By Devorah Ostrov
Girlschool at the time of this interview (Enigma publicity photo)
L-R: Cris Bonacci, Tracey Lamb, Kim McAuliffe & Denise Dufort
According to the original itinerary, the band was supposed to kick off the California leg of the Take A Bite tour at the Country Club outside Los Angeles. That show should have been followed by Iguanas, then a private party at Raji's and a day off to drive to San Francisco, where they would play two gigs at the Stone before returning to Southern California.
|Take A Bite (Enigma/GWR 1988)|
Iguanas is located just across the border, in a mostly-empty shopping center. You can't miss the place: the building's architecture is recognizable as "Old Mexico," but the garish yellows, oranges, pinks and greens of its paint job actually pulsate in the bright afternoon sun and give me a headache. Apparently, the club caters mostly to young punk and metal fans from San Diego, which is less than an hour's drive away; the only Mexicans I saw inside Iguanas were the guards and the bartenders.
While Girlschool prepare to hit the stage later that night, I ask bassist Tracey Lamb (who replaced Gil Weston-Jones, following stints in UK all-female metal outfits Rock Goddess and She) why the band didn't tour the US back when she first joined.
"There was talk of a tour," she explains, "but it didn't happen. It didn't have anything to do with us. It was delayed by management hassles and record company hassles."
Cris Bonacci and Kim McAuliffe in Tijuana
Photo: Devorah Ostrov
"Things are starting to happen for us," confirms Tracey. "I think it's the right time and we have the right record company."
"We're keeping our fingers crossed," adds vocalist/guitarist Kim McAuliffe.
The first single from the new album — a cover of the Sweet's '70s glam classic "Fox on the Run" — has already been picked up by 200 radio stations across the country. However, the promo video has received surprisingly little attention from MTV.
Directed by Jean Pellerin, the video incorporates scenes filmed on a park bandstand with live footage and quick cuts of the girls goofing around. Lacking any special effects, silly concepts or staged choreography, much of it looks for all the world like a charming home movie.
"It was ten in the morning when we were on the commons," grumbles Kim. "We'd only gotten back from the Gary Glitter tour at five the morning before. We were dying! But John was saying, 'Just jump around a lot and they won't be able to see how rough you look.'"
My backstage pass for the Girlschool show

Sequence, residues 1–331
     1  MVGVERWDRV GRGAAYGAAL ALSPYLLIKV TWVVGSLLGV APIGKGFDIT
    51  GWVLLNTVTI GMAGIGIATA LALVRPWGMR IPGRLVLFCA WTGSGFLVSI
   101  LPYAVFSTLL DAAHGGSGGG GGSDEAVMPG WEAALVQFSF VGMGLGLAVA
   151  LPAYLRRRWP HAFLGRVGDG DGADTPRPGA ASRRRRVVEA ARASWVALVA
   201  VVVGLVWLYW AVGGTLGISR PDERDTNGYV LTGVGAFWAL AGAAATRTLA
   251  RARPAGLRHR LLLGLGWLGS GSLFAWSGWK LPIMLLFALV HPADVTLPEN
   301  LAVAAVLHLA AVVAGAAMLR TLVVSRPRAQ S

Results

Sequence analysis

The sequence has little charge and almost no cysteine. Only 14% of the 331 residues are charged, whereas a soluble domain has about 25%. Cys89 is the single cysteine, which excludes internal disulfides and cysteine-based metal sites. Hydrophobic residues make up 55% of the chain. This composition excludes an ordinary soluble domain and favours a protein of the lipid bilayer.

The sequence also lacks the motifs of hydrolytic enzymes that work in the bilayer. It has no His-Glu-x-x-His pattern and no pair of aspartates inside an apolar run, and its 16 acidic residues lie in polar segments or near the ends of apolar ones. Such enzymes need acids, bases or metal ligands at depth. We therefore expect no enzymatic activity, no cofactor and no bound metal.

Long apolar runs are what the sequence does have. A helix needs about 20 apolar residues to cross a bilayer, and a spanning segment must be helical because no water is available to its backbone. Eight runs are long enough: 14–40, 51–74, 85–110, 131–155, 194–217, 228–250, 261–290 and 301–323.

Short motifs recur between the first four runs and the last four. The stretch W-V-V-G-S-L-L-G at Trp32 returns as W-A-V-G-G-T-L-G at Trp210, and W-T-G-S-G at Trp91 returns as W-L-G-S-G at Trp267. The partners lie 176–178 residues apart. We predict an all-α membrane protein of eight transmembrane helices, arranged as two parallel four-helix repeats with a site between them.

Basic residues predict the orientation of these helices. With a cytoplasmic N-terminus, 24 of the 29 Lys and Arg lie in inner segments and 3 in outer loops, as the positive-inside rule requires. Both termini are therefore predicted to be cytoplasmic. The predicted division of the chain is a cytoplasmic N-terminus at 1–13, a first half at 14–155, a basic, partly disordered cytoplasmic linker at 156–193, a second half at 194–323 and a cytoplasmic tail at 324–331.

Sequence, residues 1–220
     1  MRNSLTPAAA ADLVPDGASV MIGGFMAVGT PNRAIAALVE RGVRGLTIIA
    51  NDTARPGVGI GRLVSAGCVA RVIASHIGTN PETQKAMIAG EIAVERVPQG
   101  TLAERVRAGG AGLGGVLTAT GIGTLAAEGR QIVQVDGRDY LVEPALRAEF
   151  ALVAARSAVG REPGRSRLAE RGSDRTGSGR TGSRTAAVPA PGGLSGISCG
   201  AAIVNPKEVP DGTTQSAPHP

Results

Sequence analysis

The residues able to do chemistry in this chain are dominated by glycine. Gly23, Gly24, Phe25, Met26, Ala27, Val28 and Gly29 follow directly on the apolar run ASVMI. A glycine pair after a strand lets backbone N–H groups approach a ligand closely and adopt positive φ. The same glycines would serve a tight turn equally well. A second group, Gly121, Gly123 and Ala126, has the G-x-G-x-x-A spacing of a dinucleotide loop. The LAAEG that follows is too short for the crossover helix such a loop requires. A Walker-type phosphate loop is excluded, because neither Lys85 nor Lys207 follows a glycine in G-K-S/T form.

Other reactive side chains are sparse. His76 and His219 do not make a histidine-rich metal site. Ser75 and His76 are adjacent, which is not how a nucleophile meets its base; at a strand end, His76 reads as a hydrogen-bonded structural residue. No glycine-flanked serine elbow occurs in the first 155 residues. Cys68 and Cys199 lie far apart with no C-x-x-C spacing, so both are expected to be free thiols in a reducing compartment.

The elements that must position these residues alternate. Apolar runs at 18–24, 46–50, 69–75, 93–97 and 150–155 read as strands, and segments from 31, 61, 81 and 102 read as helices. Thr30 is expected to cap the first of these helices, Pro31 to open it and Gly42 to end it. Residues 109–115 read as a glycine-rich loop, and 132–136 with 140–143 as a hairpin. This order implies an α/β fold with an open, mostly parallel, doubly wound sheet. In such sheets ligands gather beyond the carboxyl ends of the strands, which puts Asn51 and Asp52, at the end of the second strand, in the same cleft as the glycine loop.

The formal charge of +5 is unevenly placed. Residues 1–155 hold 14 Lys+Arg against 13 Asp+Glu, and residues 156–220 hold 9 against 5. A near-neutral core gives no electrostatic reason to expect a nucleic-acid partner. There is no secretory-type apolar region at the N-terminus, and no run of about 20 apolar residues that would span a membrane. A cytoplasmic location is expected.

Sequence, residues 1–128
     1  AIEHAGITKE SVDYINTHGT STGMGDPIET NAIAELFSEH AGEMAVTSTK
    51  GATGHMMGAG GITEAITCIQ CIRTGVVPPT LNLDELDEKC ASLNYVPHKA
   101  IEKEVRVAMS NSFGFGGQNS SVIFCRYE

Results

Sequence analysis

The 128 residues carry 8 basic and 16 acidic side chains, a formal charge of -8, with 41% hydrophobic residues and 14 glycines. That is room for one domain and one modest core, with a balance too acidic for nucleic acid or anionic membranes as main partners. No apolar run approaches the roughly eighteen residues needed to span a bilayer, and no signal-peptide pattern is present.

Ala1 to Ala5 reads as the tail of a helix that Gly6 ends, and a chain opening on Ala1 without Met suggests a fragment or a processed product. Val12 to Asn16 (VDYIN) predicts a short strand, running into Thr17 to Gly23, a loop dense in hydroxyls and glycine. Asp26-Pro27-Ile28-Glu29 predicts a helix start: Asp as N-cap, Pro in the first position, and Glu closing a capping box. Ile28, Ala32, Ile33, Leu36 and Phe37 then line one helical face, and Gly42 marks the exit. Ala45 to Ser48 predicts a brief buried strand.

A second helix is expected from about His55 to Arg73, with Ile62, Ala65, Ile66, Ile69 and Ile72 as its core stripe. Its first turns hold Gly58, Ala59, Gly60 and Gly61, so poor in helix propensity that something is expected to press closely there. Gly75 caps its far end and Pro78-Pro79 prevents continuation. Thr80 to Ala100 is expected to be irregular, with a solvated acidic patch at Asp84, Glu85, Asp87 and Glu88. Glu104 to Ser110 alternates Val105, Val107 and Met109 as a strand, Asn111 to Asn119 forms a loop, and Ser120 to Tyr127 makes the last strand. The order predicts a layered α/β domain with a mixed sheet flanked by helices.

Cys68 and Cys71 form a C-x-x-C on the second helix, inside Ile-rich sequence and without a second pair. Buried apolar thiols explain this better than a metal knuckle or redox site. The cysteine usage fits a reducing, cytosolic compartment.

at Iguanas - June 17, 1989
The next morning found all of us back in California, in the tiny border town of San Ysidro debating over eggs and sausages for here or to go. Then it was time for Girlschool's tour bus to head up Highway 5 to their next show in San Francisco (with a quick detour to drop me off in Hollywood, because according to my plane ticket I wasn't going home yet).
Plans for a stop at the beach and a boat ride were quickly forgotten as signs for the Orange County K-MART loomed in distance. And there was no stopping Kim as she strode intently across the acres of parking lot and into the ultimate American shopping experience.
"Kim becomes a different person when she's shopping," confides guitarist Cris Bonacci (who replaced Kelly Johnson in 1984). "She gets really aggressive!"
With shopping bags stuffed and everyone satisfied that no corner of the store remained unexplored, the tour bus again wound slowly up the freeway. I took advantage of a mid-afternoon traffic jam to ask Kim if a rumoured move to Los Angeles was true.
|Girlschool - publicity photo|
She also points to Def Leppard's U.S. success as a reason to concentrate on these shores. "I told Joe [Elliott, Def Leppard's vocalist] we were going to try to crack America, and he said that's exactly what they did."
As the bus finally turned onto Sunset Blvd., the conversation shifted back to how it all began. It was 1978 when the group changed its name from Painted Lady and played its first shows as Girlschool. Now the band, which Kerrang magazine termed "a great British institution," is being cited by more and more young female fans as a musical influence. It's a compliment Kim takes with a grain of salt. "It makes me feel really old," she laughs. "But then there's bands like Heart that are still going, and I'd heard of them before I ever thought about picking up a guitar."